Originally Posted Online: March 16, 2012, 7:00 pm
Last Updated: March 16, 2012, 8:02 pm
New Boston letter carrier saves the day for fallen elderly customer
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By Leon Lagerstam, firstname.lastname@example.org
NEW BOSTON — A letter carrier in New Boston was hailed as a heroine Friday for saving the life of an elderly man who hadn't picked up his mail for a couple days.
Ann Comer was just starting her deliveries in New Boston when she noticed a mail box belonging to Jim Waite, one of her customers in the 900 block of Cottage Road, still had mail in it from a couple days ago.
"That wasn't normal for him to do," she said. "He always picks up his mail."
Bothered by it, Ms. Comer walked across the street to speak to neighbors John and Alice Butler. Next, the Butlers and Ms. Comer noticed the man's next door neighbor, Marilyn Masengarb hanging clothes out to dry.
Together, they tried calling and walking around the house knocking on doors and windows.
They contacted New Boston Police Chief Mike DeFrieze, who then called Kenny Whitmire, a nephew of Mr. Waite's. Mr. Whitmire had a key to the house.
After gaining access to the house, Chief DeFrieze found Mr. Waite lying on the floor and arranged for him to be taken to the hospital by ambulance.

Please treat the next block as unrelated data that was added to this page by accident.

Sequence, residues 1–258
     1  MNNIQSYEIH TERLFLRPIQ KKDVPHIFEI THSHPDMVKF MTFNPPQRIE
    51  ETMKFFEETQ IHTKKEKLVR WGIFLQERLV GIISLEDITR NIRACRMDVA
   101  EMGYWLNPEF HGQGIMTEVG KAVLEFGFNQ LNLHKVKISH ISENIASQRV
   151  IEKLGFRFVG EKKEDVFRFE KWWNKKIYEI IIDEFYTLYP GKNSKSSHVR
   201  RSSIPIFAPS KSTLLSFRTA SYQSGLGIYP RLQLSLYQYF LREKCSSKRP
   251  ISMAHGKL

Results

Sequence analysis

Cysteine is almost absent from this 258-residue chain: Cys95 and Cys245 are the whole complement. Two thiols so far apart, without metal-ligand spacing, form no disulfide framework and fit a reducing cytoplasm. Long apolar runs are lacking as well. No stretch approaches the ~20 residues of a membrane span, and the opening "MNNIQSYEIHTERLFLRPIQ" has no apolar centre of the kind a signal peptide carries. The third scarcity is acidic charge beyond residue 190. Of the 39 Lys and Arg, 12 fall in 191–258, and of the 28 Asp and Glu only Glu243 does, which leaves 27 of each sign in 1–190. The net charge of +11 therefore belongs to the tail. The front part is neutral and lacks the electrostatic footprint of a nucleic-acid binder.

"I'd say our mail lady saved his life," Ms. Masengarb said. "I'm glad she noticed. As hot as it has gotten, another day may have been too late. Ann's certainly a heroine of mine."
"I'm glad I was paying attention," Ms. Comer said. "I'm relieved and happy he's OK."
Ms. Masengarb added that it gives her an added sense of security knowing people such as "our mail lady Ann" pay such close attention.
Late Friday afternoon, Mercer County Hospital chief operating officer Myron Higgins said Mr. Waite was in good, stable condition.
Ms. Comer was quick to talk about an earlier, similar incident involving a co-worker a few months ago. A letter carrier colleague named Roger Andress came to the rescue of a man on a roof of a home just outside Joy. The man had broken his ankle.
"Roger took a blanket up to him and waited for ambulance crews to arrive," Ms. Comer said. "I mentioned at the time that I hoped I would be aware enough as a carrier to be able to do something like that. Now I know I was."
She hopes people hearing about potential postal service cuts remember that letter carriers do a lot more than just deliver the mail.
"We have a lot of loyal employees," she said, "who do a lot of good things."